The problem with that is that it is going to take time for that to work through the system for us to consume it.  It is also going to take a continued effort from our sector to keep the hopper full, keep the kids engaged and keep them applying for those courses and coming through.  That is why we also need to keep an eye on the fast, conversion-type courses for people who may have had poor career advice or engaged in poor course selection and have found themselves with qualifications with which they cannot find a suitable graduate-type role.  We are being very much supported by DEL in what we want to do as a sector, which is to reach into those pools of talent, recruit from them and help the people get into the areas where we know we can make jobs.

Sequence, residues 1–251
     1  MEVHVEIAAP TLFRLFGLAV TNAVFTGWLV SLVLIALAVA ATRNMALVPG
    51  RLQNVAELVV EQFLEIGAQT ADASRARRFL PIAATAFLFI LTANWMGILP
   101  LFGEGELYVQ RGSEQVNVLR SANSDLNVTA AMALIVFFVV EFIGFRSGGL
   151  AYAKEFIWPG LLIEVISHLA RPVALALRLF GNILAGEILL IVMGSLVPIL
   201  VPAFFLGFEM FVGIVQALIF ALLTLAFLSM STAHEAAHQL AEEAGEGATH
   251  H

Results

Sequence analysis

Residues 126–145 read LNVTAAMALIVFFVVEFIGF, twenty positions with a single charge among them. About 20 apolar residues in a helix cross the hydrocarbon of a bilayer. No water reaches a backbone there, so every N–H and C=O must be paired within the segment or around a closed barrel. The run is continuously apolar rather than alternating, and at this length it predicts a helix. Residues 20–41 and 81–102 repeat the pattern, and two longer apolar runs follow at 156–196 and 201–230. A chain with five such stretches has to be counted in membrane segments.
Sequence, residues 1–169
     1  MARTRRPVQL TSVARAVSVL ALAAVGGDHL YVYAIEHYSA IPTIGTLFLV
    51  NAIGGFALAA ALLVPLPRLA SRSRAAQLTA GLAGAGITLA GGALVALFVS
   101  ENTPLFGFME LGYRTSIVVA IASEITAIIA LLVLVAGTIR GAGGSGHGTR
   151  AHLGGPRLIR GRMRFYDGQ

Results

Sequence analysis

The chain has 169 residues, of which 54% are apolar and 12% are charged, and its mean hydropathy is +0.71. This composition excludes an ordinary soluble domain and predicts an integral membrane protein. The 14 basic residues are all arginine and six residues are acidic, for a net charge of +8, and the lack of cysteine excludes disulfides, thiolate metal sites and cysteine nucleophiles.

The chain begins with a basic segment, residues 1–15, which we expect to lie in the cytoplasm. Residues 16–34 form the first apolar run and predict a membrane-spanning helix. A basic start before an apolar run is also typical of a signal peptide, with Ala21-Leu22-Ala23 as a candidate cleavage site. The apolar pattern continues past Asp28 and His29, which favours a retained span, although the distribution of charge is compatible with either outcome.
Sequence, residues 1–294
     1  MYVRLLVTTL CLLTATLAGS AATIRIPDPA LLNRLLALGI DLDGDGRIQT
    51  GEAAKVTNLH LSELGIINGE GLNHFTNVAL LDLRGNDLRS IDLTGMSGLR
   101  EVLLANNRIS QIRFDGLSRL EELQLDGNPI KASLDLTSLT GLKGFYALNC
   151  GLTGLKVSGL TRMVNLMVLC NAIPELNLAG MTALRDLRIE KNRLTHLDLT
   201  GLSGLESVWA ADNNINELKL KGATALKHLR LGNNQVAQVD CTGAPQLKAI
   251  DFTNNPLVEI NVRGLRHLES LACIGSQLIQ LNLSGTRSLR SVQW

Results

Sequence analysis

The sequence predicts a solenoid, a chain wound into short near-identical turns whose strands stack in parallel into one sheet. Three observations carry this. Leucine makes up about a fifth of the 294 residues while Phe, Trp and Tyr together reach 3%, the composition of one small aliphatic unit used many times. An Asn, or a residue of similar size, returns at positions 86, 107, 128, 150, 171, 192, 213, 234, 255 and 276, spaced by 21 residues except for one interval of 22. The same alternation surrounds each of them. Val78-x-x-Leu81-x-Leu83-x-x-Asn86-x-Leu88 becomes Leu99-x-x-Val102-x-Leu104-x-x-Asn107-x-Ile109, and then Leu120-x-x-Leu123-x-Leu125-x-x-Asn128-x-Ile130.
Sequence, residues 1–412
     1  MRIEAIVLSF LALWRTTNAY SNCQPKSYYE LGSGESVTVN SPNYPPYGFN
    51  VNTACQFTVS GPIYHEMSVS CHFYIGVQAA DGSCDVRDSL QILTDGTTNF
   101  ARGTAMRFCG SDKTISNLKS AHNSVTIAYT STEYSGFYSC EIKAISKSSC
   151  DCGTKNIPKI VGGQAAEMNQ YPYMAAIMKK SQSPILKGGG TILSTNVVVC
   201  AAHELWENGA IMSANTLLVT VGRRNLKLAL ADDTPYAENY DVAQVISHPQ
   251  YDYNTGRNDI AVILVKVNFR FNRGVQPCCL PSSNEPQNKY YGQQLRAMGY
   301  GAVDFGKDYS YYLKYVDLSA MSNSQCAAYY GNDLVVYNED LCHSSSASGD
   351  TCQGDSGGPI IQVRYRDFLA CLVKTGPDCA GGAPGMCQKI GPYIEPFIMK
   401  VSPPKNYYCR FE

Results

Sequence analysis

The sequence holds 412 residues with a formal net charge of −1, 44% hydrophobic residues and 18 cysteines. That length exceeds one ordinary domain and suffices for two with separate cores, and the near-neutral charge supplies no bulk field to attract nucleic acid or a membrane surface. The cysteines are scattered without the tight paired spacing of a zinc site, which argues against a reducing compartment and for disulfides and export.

Mr McConnell: We also want to augment that with a longer-term career management approach, dovetailing into part-time degrees or further education courses.  It is not just a case of picking these people up and letting them fly into industry, it is about supporting them and looking at programmes where we can pan for gold, take the nuggets through, accelerate their training, get them into jobs, get that on-the-job learning and hold their hand for a period of time.  Effectively, we want to create the talent of tomorrow.  That is what we need to be doing.